Not quite. While this might improve your stepchildren’s behavior, you’ll be left feeling like you’re playing second-fiddle to him if he’s the only one in the family with real authority. Worse yet, if you lack control in your own right then you’ll end up making reports to him all the time about their behavior. If they disrespect you or your home then you’re left tattling on them to your partner--making you feel more like one of the kids than the grown-ups.

Furthermore, this situation equates to your partner making decisions that affect your life that you have no say in. What if he decides on spanking his kids but you get upset watching it happen? What if he decided to overlook an annoying habit that drives you absolutely insane?

Even in cases where he does solicit your opinion, the message sent by conventional step-parenting advice is that any decision ultimately comes down to what the father decides—and that you’re expected to go along with his decision.

Ultimately, whether your partner disciplines your stepchildren or not, you’re left feeling helpless and out of control if you do not have equal authority in the household.

The solution? You need to feel appropriately in control of your life and your family, and you need to see yourself as an equal partner with the children’s father. This means you need to have the authority to be a parent in your own home: to require respectful behavior from your stepchildren, to participate in setting expectations and rules for them, and the ability to follow through with consequences and discipline.

I know this is much easier said that done--especially because it goes against society's conventional view of what a stepmother should act like. I plan to discuss my own experiences tackling this in future posts, and I hope to hear how other stepmothers have approached it as well.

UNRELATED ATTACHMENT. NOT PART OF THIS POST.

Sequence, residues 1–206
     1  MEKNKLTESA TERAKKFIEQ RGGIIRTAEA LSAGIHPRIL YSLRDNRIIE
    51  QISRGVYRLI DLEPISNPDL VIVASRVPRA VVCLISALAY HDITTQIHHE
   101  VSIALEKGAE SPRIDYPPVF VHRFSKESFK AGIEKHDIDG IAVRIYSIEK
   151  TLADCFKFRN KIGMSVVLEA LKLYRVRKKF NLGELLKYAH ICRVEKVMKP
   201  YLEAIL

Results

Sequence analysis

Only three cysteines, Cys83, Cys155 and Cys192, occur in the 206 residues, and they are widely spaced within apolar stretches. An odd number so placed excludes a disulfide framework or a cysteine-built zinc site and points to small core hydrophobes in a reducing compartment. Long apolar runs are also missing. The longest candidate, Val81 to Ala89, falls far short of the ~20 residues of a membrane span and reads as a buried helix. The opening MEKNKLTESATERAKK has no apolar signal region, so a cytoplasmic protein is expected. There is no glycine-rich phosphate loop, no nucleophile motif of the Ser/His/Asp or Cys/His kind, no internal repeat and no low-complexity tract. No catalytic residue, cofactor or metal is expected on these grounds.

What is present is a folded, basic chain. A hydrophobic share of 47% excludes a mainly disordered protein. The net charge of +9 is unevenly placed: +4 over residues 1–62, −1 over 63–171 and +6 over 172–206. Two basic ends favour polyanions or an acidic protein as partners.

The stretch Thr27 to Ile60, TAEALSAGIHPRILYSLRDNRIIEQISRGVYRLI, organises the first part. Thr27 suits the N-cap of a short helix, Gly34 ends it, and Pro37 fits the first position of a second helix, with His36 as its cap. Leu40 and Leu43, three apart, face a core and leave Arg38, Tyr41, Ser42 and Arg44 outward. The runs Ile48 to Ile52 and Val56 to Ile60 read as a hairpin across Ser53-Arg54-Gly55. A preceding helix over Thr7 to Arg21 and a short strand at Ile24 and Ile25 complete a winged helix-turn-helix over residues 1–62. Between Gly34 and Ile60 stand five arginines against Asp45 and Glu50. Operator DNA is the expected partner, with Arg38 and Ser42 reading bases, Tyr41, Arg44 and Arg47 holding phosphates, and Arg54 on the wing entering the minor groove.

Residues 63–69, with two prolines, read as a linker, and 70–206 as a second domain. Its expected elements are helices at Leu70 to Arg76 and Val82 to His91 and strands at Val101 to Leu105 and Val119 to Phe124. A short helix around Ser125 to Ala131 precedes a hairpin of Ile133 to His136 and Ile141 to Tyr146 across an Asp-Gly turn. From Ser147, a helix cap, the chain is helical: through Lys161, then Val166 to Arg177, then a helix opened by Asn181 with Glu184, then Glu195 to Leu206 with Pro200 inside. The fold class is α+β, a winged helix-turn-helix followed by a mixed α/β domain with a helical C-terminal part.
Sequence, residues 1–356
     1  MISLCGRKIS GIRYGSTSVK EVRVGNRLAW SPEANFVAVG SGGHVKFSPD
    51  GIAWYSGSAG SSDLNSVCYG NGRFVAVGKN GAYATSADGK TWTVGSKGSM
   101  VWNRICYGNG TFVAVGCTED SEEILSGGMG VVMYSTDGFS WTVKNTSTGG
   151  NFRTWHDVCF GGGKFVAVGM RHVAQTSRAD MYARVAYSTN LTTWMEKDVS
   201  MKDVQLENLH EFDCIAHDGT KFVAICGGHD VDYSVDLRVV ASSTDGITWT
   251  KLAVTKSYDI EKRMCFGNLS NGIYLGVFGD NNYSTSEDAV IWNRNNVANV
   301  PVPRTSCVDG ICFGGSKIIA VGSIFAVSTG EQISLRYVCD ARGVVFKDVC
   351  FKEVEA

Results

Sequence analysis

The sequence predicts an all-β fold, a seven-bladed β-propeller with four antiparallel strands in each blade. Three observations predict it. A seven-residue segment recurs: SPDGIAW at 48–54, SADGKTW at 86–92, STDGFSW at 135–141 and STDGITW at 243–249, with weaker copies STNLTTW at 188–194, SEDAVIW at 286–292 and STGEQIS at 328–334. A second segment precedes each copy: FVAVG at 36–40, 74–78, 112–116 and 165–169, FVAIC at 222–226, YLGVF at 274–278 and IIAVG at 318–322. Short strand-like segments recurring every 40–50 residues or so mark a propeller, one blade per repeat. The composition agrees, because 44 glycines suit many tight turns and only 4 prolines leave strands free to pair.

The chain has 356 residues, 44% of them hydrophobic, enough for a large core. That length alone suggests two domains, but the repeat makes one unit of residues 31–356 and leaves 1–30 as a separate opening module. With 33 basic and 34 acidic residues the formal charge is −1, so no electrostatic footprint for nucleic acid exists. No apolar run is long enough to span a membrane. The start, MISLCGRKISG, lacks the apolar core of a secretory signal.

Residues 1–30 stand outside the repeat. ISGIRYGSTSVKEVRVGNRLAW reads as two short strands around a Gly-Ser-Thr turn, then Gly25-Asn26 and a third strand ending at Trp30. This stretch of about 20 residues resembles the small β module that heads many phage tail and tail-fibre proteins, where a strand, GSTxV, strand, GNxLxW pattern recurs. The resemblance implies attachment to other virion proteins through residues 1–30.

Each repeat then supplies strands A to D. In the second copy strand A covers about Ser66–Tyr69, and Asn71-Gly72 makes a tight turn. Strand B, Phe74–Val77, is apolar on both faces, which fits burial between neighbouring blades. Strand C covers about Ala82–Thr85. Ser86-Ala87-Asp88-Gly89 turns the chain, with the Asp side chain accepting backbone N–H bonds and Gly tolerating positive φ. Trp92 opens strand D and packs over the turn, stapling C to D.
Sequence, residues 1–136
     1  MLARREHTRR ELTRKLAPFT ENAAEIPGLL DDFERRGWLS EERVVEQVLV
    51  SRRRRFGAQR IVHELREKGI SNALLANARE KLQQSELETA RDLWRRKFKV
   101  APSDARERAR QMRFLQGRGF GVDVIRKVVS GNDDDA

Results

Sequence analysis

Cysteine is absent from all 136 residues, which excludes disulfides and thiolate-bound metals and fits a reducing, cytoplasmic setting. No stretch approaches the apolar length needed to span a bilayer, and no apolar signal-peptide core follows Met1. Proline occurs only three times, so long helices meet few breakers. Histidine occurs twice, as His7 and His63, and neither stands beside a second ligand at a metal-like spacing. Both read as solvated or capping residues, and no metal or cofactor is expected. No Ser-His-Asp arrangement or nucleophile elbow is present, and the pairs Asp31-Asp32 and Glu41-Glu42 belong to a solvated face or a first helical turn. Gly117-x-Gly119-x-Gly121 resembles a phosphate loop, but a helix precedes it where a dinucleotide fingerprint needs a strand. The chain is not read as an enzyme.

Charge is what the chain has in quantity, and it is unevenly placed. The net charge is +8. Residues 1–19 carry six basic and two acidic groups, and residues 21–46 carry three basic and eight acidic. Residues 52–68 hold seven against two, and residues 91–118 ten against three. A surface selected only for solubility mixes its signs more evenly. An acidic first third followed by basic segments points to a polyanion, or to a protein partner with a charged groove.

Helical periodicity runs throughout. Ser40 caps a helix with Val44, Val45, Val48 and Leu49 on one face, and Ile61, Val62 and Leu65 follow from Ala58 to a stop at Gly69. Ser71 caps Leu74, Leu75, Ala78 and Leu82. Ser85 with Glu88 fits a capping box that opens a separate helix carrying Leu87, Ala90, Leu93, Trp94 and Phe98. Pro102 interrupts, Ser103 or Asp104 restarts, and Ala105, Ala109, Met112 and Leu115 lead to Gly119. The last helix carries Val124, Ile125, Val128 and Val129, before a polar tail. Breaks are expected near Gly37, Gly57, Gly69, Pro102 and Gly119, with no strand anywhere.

Gaining Affection from your Stepchildren, Part II

This week I’m sharing advice on some simple things you can do to start gaining affection from your stepchildren. These are little things to start out with, the kind you can begin with and then build on as time passes.

Touch your stepkids frequently. Studies have shown that touch has the power to positively alter moods and even biochemical reactions in the body. Start off small; for example, gently tap your hand on your stepchild when you have something to tell them. (“Oh yeah, I found that thing you were looking for…")

Gretchen Rubin calls this “subliminal touching.” Rubin explains that, “studies show that subliminal touching – that is, touching a person so unobtrusively that it’s not noticed – dramatically increases that person’s sense of well-being and positive feelings toward the toucher. And vice versa. This fleeting touching might be something like touching a person’s back as you walk through a door.”

As time passes you can move up to hugging. Hugs have been shown to lower blood pressure and cause our bodies to release oxytocin, a chemical that promotes bonding.

Keep Your Mouth Shut
When you’re first starting out together, listen when your stepchildren talk without adding your two cents. If necessary, add a few little comments here and there to keep them talking, like “mm-hm,” “oh really?” and “what was that like?” You want to earn their trust at first by letting them know they can speak to you freely. Your stepchildren are going to looking for reasons to dislike you, and they are likely to interpret things you say as trying to correct them or change them even if that isn’t your intent. Later, once you’ve gotten used to each other, you should feel comfortable expressing your opinions things they say—but that’s a whole separate post.

Share information about yourself to gain their trust. Even though they may not be willing to say so, they want to know what you’re all about. The trick to doing this effectively is to frequently volunteer tidbits of information that require no response on their part. They don’t want to feel like they’re in an official “get to know you” session all the time, and they’ll get overwhelmed if you come on too strong. You’re sure to have already talked about your job and your hobbies—now is the time to start mentioning things like your friendships, your favorite foods, and that time your little brother put bubble gum in your hair in the third grade.